The old adage tells us that first impressions are everything. More often than not, in the horse world first impressions are more than just aesthetic; they can (with some exceptions) be a mirror to what is actually going on inside your equine partner and depending on your discipline it can win (or lose) you ribbons.
No matter what your equestrian discipline is, a shiny coat on your horse is a deeply satisfying goal that we horse owners nearly all strive for. Here at Foxtrot Horsewear, we do a lot of photoshoots with our horses so keeping them in prime condition is essential.
We canvased our favourite horse showing, eventing, dressage, and racing grooms to put together this package of their favourite tips on how to improve your horses coat condition.
Groom Always + Often:
Sorry! We know you wanted the easy way out, but in truth the simplest way to a better coat for your horse is regularly grooming, often. As well as being a time for relaxation and bonding between horse and human, it’s a great time to assess and inspect your horses skin and limbs for overall health, irregularities and knocks. Top horse grooms recommend a total of 30 minutes per session 3-4 times per week minimum (every day if possible) in order to achieve optimal coat quality. The consensus process to achieve top quality coat shine is:
- Rubber curry comb with and against coat over neck and body to loosen hair, dirt and dead skin cells – 5-10 minutes
- Next use a Dandy/Hard bristled brush to take off the dirt and hair brought out by the curry comb. Brush out in a short flicking motion, whisking the dirt outwards, once again on the neck and body for at least 5-10 minutes.
- Next clean up any remnants and the areas you haven’t brushed yet (head, legs) with a soft body brush for 5-10 minutes, followed by a good old fashion wipe down all over with a soft chamois or towel.
Many grooms and riders are still a fan of ‘banging’ the large muscles before a ride, which warms the muscle as well as giving the coat a final polish. Laura Bechtolsteimer did a great video on this a few years back which you can view here.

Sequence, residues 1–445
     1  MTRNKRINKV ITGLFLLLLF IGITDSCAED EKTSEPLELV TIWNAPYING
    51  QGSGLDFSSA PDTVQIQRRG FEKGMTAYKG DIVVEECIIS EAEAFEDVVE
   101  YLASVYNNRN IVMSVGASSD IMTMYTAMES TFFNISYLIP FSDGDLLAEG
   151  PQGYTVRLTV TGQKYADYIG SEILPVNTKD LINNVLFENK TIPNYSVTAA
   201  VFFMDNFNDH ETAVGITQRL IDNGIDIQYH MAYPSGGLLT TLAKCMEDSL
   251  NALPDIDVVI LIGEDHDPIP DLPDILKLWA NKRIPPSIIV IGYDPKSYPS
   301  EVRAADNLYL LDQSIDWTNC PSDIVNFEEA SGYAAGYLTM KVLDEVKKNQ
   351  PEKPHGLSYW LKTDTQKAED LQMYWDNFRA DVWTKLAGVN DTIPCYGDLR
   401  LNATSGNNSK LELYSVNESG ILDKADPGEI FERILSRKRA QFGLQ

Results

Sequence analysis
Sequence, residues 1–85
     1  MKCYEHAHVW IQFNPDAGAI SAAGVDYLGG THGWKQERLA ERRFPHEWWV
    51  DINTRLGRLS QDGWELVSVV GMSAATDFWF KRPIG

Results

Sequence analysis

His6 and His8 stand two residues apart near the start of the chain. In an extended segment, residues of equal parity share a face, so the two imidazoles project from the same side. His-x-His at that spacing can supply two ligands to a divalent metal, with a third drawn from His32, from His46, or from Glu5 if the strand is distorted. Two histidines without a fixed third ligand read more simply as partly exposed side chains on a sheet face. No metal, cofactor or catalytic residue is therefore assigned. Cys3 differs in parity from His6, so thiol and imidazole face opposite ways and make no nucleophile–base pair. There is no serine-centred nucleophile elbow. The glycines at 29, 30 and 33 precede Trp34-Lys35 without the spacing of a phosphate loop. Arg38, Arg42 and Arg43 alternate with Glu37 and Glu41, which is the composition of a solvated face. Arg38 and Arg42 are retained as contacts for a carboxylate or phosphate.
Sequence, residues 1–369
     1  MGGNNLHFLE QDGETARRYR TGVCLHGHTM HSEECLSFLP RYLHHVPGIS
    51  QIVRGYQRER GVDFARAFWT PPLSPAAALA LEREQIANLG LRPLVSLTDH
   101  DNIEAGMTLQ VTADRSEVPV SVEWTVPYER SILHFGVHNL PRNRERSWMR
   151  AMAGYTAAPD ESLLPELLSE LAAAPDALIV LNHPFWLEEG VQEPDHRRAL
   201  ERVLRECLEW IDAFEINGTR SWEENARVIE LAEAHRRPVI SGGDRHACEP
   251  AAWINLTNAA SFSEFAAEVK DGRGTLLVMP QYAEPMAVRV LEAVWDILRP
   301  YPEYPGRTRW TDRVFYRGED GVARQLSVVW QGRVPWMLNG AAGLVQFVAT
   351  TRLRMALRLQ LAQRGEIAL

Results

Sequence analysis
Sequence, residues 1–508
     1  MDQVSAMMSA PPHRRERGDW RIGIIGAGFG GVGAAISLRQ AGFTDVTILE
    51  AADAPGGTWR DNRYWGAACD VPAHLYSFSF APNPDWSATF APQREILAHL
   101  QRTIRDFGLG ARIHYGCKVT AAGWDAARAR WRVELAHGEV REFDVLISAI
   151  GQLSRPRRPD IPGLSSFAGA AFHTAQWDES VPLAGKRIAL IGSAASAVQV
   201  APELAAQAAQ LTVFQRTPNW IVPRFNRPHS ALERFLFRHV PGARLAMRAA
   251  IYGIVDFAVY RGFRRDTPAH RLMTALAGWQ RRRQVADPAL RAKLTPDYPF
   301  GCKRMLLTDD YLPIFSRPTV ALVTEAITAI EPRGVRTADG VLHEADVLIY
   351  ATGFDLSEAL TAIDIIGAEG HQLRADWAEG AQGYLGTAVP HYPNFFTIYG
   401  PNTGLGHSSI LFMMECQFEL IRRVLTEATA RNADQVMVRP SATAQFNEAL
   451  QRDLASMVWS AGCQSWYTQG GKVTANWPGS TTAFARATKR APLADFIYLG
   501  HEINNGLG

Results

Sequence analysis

Then, after exercise it is really important to remove all sweat and dirt – dry sweat bleaches dries and bleaches coats. Always rinse your horse after any session of work, and repeat 5-10 minutes of grooming with a soft brush again before you put them away.
Bathe them better!
Shampooing your horse too often or using harsh products will lead to your horse’s coat to becoming dry and dull, as it will strip the natural oils that let it shine. If you wouldn’t use it on your own skin – you should definitely NOT be using it on your horse. Top grooms suggest that investing in a high-quality specialist horse shampoo product formulated for horses only is key to retaining moisture, as well as limiting the amount of times you shampoo to a maximum of once per week (a horse in full work), instead opting for a rinse in fresh water only after riding.
Because you will only be using ¼ of a cup of shampoo on an average size horse per week, a bottle should last many months. We are big fans here at Foxtrot Horsewear of Kohnke’s Own Kleen-Sheen and the Cowboy Magic products.
A good technique for washing you horse is to first rinse your horse in water, then apply shampoo to a bucket of warm water. Sponge the water on to your horse and then grab your ruby curry comb and work the shampoo in all the way through the coat to the skin. Allow it to sit for one minute, then rinse the entire horse twice with fresh water. Repeat these steps with conditioner if using that is your jam (many grooms don’t condition the body hair unless it is in preparation for a competition).
Try using a little white vinegar to rinse on your horse after a trip to the wash bay. This helps to add coat shine and can assist in remove any remaining suds if you shampoo.